Have you ever wondered about the relationship between drugs and oculomotor testing? From time to time I was curious, but never looked into it until I received an email a few months ago from Ocular Data Systems asking if I could work with them on a project to provide online lessons regarding vestibular physiology and how to analyze nystagmus findings for law enforcement officers, prosecutors, and toxicologists.
It seemed like a unique opportunity, a Canadian physical therapist helping educate law enforcement officers, prosecutors, and toxicologist from the USA. What I did not realize until then is that there is a group of very highly trained non-medical professionals who perform oculomotor testing as well.
In writing this post I did a brief Google search to see what professionals perform oculomotor testing and health care providers were the only results that came up on page 1 of my search.
What is not common knowledge is that Drug Recognition Experts, or DREs also perform oculomotor testing.
So, who are DREs? They are law enforcement officers with specialized training to recognize impairment in drivers under the influence of drugs and alcohol. Traditionally, officers and prosecutors had difficulty identifying and prosecuting drug impaired drivers. Fortunately, the Drug Evaluation and Classification (DEC) was developed by combining basic medical knowledge about drug pharmacodynamics with validated psychomotor tests that the DRE use. In addition, DREs also educate prosecutors and toxicologists on the DRE process and the drug categories.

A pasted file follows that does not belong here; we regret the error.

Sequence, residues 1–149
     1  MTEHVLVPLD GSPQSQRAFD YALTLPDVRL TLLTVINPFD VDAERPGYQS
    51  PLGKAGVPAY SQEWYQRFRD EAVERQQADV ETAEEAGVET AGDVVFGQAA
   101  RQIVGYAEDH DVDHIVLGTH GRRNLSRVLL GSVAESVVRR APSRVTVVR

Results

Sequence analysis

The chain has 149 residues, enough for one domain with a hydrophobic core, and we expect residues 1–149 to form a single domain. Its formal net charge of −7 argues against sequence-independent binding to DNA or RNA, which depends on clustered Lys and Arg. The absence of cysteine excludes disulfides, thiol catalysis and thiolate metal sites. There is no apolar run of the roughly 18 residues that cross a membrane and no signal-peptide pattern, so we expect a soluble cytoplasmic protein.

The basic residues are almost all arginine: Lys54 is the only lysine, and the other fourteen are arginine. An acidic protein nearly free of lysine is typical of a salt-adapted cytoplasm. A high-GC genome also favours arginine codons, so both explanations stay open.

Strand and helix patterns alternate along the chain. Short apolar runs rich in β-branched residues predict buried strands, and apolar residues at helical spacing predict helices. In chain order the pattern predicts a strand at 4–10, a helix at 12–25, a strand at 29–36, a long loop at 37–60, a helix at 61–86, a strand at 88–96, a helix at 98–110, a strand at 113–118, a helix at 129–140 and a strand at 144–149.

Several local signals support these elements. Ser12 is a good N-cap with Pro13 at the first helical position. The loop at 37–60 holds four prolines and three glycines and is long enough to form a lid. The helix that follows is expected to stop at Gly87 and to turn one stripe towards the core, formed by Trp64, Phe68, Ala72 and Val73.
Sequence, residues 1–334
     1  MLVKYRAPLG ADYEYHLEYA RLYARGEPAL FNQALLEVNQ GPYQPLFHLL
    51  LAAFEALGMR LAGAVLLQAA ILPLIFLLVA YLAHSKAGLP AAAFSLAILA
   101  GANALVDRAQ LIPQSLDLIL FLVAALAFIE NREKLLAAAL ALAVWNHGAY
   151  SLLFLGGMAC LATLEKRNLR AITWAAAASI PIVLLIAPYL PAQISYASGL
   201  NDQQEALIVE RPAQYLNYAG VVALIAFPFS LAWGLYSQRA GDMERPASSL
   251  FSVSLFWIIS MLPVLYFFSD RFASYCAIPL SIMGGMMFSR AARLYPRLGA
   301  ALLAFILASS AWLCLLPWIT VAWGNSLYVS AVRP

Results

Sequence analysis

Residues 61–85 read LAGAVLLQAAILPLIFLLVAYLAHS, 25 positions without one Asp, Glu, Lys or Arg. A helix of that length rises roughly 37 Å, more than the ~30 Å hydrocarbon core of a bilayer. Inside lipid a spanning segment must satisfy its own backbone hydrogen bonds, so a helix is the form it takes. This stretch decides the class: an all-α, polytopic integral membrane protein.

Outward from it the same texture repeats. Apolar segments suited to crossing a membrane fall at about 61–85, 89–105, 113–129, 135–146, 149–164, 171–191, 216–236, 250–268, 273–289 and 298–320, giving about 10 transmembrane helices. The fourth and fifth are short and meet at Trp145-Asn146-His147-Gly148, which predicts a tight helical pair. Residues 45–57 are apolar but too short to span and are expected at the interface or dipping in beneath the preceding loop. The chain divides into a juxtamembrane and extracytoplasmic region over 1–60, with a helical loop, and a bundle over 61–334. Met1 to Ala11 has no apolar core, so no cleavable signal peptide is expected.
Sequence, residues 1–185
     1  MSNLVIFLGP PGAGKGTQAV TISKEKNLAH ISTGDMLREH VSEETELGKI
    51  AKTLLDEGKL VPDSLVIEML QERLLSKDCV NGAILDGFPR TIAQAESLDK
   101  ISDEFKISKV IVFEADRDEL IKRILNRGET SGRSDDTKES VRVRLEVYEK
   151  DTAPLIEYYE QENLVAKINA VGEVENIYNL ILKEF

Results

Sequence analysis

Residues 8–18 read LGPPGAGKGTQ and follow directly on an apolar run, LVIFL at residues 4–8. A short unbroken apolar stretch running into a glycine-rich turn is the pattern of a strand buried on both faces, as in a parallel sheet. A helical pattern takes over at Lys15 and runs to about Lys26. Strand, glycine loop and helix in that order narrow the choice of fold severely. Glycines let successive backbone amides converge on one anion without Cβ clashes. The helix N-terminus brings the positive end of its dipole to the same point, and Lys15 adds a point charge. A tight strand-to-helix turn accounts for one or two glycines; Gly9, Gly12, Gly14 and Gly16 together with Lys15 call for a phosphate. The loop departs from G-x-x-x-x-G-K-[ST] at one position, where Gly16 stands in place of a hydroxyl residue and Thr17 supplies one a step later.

From their standardized 12 step evaluation, which includes observing for nystagmus, ocular convergence, pupil size and pupil reaction to light, the DREs are able to not only determine if someone is under the influence of drugs and/or alcohol, but can determine the category of drug in their system.
Here is a summary of the ocular findings consistent with certain drug categories:
Again, these findings are use in conjunction with other findings (i.e. blood pressure, muscle tone, balance, lab tests, general observations) in their 12 step assessment.
Alcohol can certainly cause nystagmus which is referred to alcohol gaze nystagmus (AGN). The interesting thing I learned over the past few months is there is a linear relation between blood alcohol concentration (BAC) and the point where the nystagmus starts with horizontal gaze.
A person's BAC can be estimated by subtracting the angle of onset from 50. So, to determine the BAC if someone had an angle of onset of 35o (the nystagmus started when they looked 35o to one side) they should have an BAC of approximately 0.15. Or, 0.13-0.17 as the margin of error is approximately 0.02.
Drugs other than alcohol, however, do not have a linear relationship, but as seen above can cause horizontal gaze nystagmus and in large doses vertical gaze nystagmus. No known drug, however, causes vertical gaze nystagmus without first causing horizontal gaze nystagmus.
Note: Alcohol can affect the functioning of the brain. It can also affect the chemical balance of the inner ear. To find out more about the temporary effects of alcohol on the inner ear click HERE.
I hope that you found this an interesting read about drugs, alcohol and oculomotor testing, along with a sober reminder to do what we can to keep our roads safe.